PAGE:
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Governor Cuomo, speaking in Syracuse where he kicked off a statewide tour to press for gay marriage and other items, likened the legalization of same sex marriage to a continuation of the civil rights movement for women and African Americans, and part of an old New York tradition.
“It is a basic civil rights battle,” said Cuomo as the crowd cheered. “Same sex couples have the same right to marry.”
The Reverend Jason McGuire, a lobbyist for the conservative Christian group New Yorkers for Constitutional Freedom, says his members don’t see it that way. “We see no evidence that suggests that homosexuality is an immutable characteristic,” said McGuire, who says it’s different than what black Americans fought for.
“They were people who were not being politically represented,” said McGuire, who says the pro-gay marriage effort has millions of dollars to draw on and is well represented politically. Groups supporting traditional marriage are also pumping money into their efforts. The National Organization for Marriage has announced it will spend $500,000 on lobbying and television ads, and $1 million dollars on campaigns to oppose incumbents who vote for gay marriage.
McGuire’s group has launched what it calls a May Day for Marriage Tour. Using an RV, the group is traveling to different cities with the message that traditional marriage must be preserved.
Polls show that there’s growing support for same sex marriage. 58% of New Yorkers now support it, but Reverend McGuire believes there’s more ambivalence about the issue than the polls suggest. And he says while he doesn’t doubt Governor Cuomo’s commitment to the issue, the governor has chosen to highlight gay marriage for some rather cynical reasons. He says Cuomo has alienated some on the left, viewed as his traditional base of supporters, with his fiscally conservative budget and stance on property taxes, measures that McGuire’s conservative group applauds.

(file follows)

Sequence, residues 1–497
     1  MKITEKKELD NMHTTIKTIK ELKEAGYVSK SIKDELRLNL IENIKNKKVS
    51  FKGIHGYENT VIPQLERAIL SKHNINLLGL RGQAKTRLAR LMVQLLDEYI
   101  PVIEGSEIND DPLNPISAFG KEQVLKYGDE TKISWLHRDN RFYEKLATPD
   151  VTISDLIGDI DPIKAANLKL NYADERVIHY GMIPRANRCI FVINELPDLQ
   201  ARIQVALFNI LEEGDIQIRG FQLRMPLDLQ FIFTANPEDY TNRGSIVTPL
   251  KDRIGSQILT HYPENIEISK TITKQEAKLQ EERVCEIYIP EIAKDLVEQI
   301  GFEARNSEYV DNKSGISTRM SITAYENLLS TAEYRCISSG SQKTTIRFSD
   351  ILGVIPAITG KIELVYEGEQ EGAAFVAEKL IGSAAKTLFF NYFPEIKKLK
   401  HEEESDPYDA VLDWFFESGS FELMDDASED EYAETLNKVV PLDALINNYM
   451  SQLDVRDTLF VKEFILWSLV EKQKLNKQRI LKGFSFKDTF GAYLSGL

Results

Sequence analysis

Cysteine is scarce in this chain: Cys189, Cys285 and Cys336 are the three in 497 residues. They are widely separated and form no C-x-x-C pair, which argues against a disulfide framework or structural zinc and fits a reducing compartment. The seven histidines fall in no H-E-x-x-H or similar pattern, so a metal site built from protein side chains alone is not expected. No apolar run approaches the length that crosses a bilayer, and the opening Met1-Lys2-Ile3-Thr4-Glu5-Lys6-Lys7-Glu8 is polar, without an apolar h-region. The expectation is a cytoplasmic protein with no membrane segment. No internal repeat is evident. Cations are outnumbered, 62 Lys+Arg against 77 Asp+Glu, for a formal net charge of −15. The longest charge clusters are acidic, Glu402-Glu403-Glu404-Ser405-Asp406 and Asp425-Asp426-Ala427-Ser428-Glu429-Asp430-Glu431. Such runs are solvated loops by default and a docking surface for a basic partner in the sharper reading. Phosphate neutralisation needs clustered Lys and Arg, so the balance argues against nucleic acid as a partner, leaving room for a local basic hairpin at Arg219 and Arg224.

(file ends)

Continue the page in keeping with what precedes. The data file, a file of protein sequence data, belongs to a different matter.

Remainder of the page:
“Governor Cuomo, I believe, needs an issue that won’t cost the state anything, at least in the short term, and can win back some of that liberal left base that’s been wondering ‘what have we got now with Governor Cuomo’,” said McGuire.
Opponents of gay marriage plan a rally at the State Capitol on May 24th, and pro same sex marriage groups already held a major lobbying day. All of the efforts will come down to influencing just a hand full of votes in the State Senate, where a bill to legalize same sex marriage failed in December of 2009.
Both sides believe that the Senate needs less than a half dozen Senators to switch to yes votes in order for the measure to be approved. While pro gay marriage groups are trying to persuade some Senators to change their minds, McGuire’s group is trying to get them to stand firm. He says Senators should not be lulled into “complacency” because of the previous lack of efforts by traditional marriage supporters. He says voters opposed to gay marriage will “care about this in 2012”.
And both sides are threatening repercussions in those 2012 legislative elections. Gay marriage supporters claim credit for ousting long time GOP Senator Frank Padavan, who lost by a narrow margin in 2010.
McGuire says some Senate elections can be so close, that one issue with just a few hundred ardent supporters or opponents, like same sex marriage, can make all the difference.